Suicide Prevention Day brings the community together

People gathered last Tuesday evening to honour the lives of those taken too soon

Kamloops crowds gathered in awareness of suicide and the stigma that surrounds it for Suicide Prevention day. (Brianna Schellenberg/The Omega)

September is Suicide Prevention Month, a topic that tends to bring feelings of discomfort and shame along with it. Last Tuesday, C&C Resources for Life hosted its annual Suicide Prevention Day event at St. Andrews on the Square.

Guests were greeted at the door and were given yellow and orange ribbons, the official colours of suicide prevention. They had the chance to write words of encouragement on sticky notes that were posted on the walls of the building.

The evening began with some words by Mary Widmer and Jolene Lindsey, both from C&C Resources for Life, talking about how the event has grown.

“[The first event] was about getting Kamloops comfortable talking about the topic, and it has evolved over the years into more intimate events like this,” Lindsey described, “I’ve had lots of people come forward from the community say ‘this matters to me,’ and I believe that every person that needs to be here is here.”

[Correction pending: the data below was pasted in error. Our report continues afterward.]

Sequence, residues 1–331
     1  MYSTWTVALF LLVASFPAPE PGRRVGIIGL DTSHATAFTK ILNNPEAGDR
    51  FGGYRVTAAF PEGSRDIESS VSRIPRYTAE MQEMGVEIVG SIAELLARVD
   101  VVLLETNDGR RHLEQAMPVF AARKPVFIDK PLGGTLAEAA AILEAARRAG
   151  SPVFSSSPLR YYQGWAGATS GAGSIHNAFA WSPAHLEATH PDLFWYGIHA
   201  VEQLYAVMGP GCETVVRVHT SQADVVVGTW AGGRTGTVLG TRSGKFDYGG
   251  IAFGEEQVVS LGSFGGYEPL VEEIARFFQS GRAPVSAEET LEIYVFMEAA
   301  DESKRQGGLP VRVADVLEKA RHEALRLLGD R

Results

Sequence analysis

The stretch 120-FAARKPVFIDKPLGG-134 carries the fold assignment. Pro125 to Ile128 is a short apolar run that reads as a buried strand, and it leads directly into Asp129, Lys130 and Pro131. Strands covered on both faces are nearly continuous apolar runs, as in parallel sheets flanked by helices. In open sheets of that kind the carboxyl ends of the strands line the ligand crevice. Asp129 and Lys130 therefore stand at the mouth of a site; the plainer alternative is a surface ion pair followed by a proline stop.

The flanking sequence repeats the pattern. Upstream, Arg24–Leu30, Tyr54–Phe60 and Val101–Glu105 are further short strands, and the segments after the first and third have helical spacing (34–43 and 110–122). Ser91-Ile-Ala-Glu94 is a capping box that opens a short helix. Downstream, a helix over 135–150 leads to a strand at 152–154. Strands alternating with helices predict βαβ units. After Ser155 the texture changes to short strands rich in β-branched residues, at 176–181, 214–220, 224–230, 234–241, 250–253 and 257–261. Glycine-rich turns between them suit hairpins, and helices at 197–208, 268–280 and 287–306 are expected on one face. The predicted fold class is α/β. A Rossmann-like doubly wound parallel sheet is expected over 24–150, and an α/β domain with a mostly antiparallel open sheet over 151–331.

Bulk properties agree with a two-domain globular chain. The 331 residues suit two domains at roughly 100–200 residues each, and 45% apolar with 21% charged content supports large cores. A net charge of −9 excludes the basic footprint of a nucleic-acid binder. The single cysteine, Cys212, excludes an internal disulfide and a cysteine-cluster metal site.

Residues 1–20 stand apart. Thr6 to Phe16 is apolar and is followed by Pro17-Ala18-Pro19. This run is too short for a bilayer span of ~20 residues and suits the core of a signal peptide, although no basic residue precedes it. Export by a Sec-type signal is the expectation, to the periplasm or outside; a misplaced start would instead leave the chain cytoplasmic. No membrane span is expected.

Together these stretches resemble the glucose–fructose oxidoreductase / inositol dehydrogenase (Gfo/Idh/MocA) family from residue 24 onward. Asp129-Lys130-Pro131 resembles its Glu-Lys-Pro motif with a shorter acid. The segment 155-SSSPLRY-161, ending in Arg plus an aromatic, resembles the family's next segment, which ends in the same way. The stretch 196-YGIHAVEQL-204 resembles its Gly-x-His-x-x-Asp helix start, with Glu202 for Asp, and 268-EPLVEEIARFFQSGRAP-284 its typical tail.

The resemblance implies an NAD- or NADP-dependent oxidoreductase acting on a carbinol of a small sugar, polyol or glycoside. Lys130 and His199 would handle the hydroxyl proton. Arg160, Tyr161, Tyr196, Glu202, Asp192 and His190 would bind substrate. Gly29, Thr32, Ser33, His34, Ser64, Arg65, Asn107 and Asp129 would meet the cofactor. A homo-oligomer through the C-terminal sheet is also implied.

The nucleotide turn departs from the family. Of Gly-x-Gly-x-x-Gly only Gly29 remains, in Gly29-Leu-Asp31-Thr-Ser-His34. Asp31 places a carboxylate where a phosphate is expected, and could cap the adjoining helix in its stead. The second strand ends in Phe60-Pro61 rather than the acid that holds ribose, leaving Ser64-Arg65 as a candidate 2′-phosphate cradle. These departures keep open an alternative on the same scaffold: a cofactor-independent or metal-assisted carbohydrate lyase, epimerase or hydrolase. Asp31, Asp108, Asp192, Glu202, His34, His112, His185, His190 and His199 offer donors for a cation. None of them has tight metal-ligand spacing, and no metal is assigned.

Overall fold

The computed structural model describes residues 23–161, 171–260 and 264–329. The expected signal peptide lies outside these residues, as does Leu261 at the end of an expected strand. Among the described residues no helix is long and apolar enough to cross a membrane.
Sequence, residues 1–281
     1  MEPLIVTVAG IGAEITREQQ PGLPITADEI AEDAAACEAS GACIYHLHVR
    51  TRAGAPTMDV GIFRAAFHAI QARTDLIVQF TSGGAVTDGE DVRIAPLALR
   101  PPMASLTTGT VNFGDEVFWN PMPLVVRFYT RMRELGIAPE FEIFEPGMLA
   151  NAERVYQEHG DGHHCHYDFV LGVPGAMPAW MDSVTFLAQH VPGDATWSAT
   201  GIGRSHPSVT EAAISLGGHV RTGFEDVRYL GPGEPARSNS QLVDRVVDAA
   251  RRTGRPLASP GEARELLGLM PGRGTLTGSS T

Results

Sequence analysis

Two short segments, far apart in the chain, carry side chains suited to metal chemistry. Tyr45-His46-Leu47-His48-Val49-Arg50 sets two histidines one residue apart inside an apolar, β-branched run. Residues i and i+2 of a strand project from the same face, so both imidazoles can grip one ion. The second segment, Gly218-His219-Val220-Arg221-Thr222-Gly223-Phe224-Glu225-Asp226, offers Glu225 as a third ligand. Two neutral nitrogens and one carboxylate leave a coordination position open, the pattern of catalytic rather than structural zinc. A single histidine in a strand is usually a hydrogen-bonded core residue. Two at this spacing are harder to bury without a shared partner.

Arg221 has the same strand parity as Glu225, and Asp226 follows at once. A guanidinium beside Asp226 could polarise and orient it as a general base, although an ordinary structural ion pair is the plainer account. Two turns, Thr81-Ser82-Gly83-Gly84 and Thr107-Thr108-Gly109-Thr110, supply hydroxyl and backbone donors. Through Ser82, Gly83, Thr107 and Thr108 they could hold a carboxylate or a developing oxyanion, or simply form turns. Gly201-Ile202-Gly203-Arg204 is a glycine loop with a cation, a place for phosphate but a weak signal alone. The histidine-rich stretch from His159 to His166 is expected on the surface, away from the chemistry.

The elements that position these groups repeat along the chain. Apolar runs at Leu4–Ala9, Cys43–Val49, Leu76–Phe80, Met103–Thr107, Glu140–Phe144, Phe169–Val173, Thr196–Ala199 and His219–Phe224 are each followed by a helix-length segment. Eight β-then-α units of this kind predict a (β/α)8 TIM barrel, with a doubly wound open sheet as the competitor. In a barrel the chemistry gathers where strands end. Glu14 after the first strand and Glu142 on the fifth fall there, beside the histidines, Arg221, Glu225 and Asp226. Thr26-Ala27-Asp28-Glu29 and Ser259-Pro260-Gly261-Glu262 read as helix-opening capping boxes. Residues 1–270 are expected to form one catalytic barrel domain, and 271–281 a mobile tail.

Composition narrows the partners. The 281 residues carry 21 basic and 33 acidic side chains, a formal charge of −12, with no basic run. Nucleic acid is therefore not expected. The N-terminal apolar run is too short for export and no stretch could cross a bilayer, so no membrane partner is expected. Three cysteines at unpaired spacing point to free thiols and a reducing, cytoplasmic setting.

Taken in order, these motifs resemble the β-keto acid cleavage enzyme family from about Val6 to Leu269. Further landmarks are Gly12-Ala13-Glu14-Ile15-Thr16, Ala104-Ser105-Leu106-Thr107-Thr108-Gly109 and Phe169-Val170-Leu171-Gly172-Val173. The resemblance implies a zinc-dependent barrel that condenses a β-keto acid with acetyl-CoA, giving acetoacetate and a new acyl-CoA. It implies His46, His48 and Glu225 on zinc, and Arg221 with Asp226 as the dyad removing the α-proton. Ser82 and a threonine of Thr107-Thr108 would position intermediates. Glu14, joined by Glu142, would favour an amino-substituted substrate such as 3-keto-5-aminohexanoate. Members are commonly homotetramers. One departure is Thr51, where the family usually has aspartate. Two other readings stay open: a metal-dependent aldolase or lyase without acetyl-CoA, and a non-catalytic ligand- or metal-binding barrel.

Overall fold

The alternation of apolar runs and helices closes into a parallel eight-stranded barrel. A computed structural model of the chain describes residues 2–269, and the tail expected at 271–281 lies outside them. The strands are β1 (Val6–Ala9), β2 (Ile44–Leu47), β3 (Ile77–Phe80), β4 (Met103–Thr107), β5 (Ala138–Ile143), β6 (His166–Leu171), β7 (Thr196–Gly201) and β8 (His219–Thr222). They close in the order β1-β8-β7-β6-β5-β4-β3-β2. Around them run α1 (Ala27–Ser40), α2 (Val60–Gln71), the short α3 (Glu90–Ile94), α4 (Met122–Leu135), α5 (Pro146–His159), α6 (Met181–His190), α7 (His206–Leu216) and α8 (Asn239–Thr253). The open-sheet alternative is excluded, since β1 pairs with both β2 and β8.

The evening continued with local members of the community sharing how suicide has impacted their lives and those around them.

Keynote speaker, Mel Rothenburger, shared his journey with suicide, discussing how he has lost loved ones to suicide.

“Losing someone to suicide places a massive weight on both your shoulders. You feel it when you’re at home, at work, in both private and public moments,” Rothenburger explained.

He continued to speak on why it is important to bring up the topic of suicide, and that ignoring it does nothing to resolve the issue.

“If we don’t talk about stigma, we perpetuate it. How do we fix something if we don’t drag it out of the dark and into the light, where we can see what we’re doing?” Rothenburger said.

Research shows that a death by suicide impacts 6-10 immediate people from the victim’s life, but can affect up to 135 people. It is more common than people believe it to be, and we don’t often realize that the feelings that are brought on by suicide loss, such as guilt, blame and confusion, can impact those around us.

The evening concluded with members of the Tk’emlups te Secwepemc Band led guests of St. Andrews into the courtyard with ceremonial drumming. People were given candles to honour the lives taken by suicide, and stood in the courtyard side by side, supporting one another for what they were feeling.

It was a night for people to remember they do not face this world alone, and that there is always light found in the darkness. For more information on suicide prevention, visit suicideprevention.ca, and for immediate crisis support in BC, contact 1-800-784-4566.

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